Craft-ligraphy contains sixty Chinese characters with the radical, "jin" (meaning gold or metal), written by calligrapher Wah Gor on rice papers. Each character is closely tied with our daily lives, customs and culture. Coppersmiths Nathan Wong and Hazel Lee reinterpreted each brushstroke on brass by hand with fret saws, creating one-of-a-kind textures that machine-operated laser cuttings could not replace and replicate, embodying the passions for handcrafted metalwork of the three craftsmen.
Calligraphy is considered to be one of the most important forms of art in Chinese culture.
Wah Gor’s calligraphy stall sits at Portland Street in Mongkok. He recalled that there were many calligraphers in the area, each with its unique writing styles. Since telephones were not as readily accessible in the 1980s, Wah Gor would stay in his stall and patiently wait for customers. Customers would often browse the samples offered by multiple stalls before making their choices. He believed these Chinese calligraphy stalls like his, had silently contributed to the commercial scene in Hong Kong by creating signboards for businesses and government institutions over the years. His stall still stands but would only open during Chinese New Year for his students to practice writing in front of the public.
Wah Gor believes that calligraphy is rooted in tradition, and tradition must be respected in order to endure. His calligraphy is dynamic and full of vitality, as his creative inspirations come from the appreciation of daily lives. Since his youth, he had enjoyed standing on high points or atop a tree to admire the ever-changing skies and seasons and reinterpreting them in his calligraphy. He also instilled his personal feelings to create fonts with distinctive styles. When writing for restaurants, the font will be more rounded; when writing for schools, it will be more steady and grounded; when writing for hair salons, it will be more sleek and graceful.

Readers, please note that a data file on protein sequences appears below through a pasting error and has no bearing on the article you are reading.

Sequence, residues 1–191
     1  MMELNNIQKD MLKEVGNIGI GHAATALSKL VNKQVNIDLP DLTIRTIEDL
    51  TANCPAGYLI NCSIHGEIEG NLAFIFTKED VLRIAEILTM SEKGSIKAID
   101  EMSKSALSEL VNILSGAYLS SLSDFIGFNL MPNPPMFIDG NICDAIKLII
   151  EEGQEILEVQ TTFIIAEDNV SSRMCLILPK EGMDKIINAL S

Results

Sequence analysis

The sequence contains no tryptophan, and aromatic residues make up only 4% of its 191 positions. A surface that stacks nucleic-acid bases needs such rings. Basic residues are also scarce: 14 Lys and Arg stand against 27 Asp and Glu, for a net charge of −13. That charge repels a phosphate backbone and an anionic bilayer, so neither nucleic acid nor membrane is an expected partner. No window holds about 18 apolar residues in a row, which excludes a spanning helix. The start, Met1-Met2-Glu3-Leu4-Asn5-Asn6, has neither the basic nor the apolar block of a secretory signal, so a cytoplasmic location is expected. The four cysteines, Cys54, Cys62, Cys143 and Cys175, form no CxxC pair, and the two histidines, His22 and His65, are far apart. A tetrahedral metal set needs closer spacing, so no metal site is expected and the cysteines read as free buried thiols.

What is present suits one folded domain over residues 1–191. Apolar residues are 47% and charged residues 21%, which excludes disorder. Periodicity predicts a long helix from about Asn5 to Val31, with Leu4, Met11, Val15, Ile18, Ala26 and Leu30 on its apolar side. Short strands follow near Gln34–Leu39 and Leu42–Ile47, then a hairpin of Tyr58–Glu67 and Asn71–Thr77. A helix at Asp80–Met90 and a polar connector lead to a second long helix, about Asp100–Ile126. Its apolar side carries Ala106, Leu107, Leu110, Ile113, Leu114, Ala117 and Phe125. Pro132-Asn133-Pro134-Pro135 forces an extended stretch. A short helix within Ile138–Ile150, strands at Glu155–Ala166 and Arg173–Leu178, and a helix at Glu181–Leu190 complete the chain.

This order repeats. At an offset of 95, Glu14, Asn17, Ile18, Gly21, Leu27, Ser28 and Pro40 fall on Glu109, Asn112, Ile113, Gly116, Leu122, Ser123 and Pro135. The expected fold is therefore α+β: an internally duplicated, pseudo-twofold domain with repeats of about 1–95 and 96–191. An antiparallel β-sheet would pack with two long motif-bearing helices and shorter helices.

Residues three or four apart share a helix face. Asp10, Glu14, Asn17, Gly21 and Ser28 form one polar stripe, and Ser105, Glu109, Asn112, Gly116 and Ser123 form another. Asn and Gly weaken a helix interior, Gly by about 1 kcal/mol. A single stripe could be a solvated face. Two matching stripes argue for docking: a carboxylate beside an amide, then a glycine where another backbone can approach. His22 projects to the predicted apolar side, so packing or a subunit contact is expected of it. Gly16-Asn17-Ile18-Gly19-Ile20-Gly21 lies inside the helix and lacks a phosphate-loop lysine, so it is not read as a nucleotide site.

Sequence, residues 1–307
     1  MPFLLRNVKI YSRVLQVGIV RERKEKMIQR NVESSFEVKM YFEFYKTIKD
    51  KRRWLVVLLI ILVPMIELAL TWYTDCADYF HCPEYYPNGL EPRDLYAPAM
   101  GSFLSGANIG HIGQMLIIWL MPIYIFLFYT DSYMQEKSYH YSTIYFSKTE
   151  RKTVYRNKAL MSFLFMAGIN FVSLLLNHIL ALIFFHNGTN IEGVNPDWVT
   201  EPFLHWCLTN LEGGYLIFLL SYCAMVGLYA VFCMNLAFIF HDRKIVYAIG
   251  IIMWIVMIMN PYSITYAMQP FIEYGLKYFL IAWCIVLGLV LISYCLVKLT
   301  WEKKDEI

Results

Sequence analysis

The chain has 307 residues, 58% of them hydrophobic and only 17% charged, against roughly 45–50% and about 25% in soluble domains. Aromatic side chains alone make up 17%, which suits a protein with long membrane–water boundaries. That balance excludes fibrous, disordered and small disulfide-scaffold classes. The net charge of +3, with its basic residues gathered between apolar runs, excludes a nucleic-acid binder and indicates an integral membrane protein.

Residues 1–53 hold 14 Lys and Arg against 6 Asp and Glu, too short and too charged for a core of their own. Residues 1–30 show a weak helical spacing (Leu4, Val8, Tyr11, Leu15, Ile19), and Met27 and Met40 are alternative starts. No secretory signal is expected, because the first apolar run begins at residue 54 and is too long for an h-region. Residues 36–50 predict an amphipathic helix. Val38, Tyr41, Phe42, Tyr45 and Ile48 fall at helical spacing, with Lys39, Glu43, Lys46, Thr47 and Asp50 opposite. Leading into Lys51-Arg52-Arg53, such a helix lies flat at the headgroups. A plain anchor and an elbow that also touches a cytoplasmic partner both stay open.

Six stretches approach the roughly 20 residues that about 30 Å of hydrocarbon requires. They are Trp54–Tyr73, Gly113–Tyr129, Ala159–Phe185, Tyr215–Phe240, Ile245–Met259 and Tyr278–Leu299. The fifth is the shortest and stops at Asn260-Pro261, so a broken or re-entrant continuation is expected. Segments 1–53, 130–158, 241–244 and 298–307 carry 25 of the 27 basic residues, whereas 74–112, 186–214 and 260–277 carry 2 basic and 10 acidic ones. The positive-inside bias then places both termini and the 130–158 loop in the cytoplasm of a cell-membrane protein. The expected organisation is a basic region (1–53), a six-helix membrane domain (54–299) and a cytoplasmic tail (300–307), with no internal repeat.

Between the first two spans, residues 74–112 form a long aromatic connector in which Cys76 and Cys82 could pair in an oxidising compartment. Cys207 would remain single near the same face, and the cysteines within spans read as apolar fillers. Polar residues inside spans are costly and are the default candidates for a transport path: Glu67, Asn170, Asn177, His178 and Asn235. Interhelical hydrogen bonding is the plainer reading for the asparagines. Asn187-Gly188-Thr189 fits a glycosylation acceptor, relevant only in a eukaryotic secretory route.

After conceptualizing Nathan and Hazel's creative framework, Wah Gor created sixty Chinese characters with "gold" as the radical with his sleek and graceful brushstrokes. The calligraphy was then digitized, printed and pasted on a 1.2 millimeter thick copper plate before carving. By drilling a small hole with a pendant drill, a saw blade could pass through the brass. Nathan and Hazel could then carve out each character intricately by hand using a fret saw. Each character has different brushstrokes and complexity, taking an average of five hours to complete.